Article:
When first exhibited in Spain, Portrait of My Sister brought the young Dali considerable fame. When first shown, it presented his primary model from the period, his 15-year-old sister
Ana Maria, in a realistic style, She was seated in an armchair with her hands crossed in her lap; a small table with books occupies the lower right-hand corner. Later Dali returned to
this celebrated portrait and added the second upside-down figure in a style radically different from the first, giving the whole composition the appearance of a playing card.
While the refined first portrait is in Picasso's neo-classical style, the distorted second portrait seems inspired by early Cubist portraits of Picasso.
Dali never explained his intentions for the second portrait, but the timing suggests Picasso's powerful influence over the younger artist after their first meeting in 1926.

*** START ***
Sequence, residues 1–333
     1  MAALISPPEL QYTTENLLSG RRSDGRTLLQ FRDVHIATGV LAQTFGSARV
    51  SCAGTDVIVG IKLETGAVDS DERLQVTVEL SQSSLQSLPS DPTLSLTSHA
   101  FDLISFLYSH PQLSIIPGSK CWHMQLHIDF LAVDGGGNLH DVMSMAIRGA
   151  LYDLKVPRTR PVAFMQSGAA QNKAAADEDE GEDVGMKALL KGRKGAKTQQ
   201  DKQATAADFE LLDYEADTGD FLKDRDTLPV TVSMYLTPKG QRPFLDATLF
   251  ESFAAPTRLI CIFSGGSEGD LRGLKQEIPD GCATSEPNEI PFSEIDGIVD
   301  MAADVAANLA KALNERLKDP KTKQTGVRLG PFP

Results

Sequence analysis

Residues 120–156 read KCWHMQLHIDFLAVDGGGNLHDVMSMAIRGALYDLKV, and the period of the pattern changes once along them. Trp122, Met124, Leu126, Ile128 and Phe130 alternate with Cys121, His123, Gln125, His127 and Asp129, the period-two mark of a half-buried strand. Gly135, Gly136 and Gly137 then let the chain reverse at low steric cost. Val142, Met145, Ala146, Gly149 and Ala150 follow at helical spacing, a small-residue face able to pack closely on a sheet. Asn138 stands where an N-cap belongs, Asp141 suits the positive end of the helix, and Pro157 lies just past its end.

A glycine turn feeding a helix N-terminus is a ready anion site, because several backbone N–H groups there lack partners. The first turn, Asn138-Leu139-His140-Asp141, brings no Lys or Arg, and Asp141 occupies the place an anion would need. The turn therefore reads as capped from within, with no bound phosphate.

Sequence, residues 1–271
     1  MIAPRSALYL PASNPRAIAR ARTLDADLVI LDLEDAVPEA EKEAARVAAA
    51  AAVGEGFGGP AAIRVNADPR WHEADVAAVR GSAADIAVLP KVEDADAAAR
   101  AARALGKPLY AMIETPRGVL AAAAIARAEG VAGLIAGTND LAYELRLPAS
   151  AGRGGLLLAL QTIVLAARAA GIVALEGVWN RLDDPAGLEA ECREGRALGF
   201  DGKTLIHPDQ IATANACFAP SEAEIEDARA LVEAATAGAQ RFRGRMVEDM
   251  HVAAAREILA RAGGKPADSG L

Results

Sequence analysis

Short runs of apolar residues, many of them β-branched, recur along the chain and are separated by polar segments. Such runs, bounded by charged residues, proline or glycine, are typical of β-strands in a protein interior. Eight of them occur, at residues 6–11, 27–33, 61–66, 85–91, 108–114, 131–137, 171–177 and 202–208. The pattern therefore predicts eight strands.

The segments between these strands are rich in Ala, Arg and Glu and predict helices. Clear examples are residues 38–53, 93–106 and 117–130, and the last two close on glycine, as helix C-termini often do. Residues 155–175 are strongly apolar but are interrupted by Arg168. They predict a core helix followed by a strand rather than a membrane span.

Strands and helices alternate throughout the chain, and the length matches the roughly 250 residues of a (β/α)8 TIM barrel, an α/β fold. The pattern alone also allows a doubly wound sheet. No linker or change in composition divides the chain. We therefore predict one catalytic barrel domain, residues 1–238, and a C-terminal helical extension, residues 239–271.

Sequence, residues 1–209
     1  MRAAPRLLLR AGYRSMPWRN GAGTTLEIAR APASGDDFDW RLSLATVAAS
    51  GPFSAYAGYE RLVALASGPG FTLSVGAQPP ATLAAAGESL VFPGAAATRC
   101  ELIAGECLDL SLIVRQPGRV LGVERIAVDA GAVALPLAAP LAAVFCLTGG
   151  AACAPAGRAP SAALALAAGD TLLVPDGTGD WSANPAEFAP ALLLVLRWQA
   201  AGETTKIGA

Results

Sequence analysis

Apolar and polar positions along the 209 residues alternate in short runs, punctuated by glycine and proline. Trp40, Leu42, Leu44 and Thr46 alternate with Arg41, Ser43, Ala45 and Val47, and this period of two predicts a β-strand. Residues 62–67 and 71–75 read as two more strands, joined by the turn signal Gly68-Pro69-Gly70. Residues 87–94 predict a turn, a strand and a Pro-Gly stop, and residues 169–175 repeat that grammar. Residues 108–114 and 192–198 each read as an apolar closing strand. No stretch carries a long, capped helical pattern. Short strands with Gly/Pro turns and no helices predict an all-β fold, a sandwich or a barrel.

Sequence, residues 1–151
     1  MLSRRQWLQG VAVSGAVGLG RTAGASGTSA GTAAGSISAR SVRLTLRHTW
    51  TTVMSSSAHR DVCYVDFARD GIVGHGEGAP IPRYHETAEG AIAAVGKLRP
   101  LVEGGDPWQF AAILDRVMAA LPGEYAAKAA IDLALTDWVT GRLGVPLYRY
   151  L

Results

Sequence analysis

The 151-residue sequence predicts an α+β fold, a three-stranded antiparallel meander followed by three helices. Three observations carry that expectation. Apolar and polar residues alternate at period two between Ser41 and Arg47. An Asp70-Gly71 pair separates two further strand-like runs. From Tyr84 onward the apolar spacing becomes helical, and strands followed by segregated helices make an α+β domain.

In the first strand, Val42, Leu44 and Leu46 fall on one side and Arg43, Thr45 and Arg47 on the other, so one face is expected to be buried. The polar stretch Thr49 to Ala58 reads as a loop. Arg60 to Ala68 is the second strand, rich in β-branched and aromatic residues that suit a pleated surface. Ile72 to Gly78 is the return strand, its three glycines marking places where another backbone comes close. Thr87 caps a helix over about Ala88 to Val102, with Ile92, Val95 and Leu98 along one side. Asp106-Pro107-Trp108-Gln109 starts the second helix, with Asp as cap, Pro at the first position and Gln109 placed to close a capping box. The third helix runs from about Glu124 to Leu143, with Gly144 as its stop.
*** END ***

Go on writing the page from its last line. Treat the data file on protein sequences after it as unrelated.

Another interpretation of the over-painting is that it reveals the tension growing between the artist and his sister Close during their youth, Dali and his sister grew distant once Gala, his
future wife, entered his life. The two women disliked each other from the start. When Dali published his creative autobiography The Secret Life of Salvador Dali in 1941, filled with
outrageous and shocking stories about his behavior as a boy, Ana Maria felt compelled to challenge his carefully orchestrated stories. In 1950 she published Salvador Dali as Seen by His Sister,
presenting his youth in far more ordinary terms. Instead of the monstrous child Dali describes, she presents her brother as simply a spoiled child, and she blames Gala and the Surrealists for
encouraging his aberrant fantasies.
Dali was outraged, convinced that her book undermined the credibility of his fantastic tales. He immediately had a set of cards printed denouncing her book, which he distributed to anyone he
would meet. It was the final break between the two, and they never spoke to each other again.
Painting and Quote from Salvador Dali Museum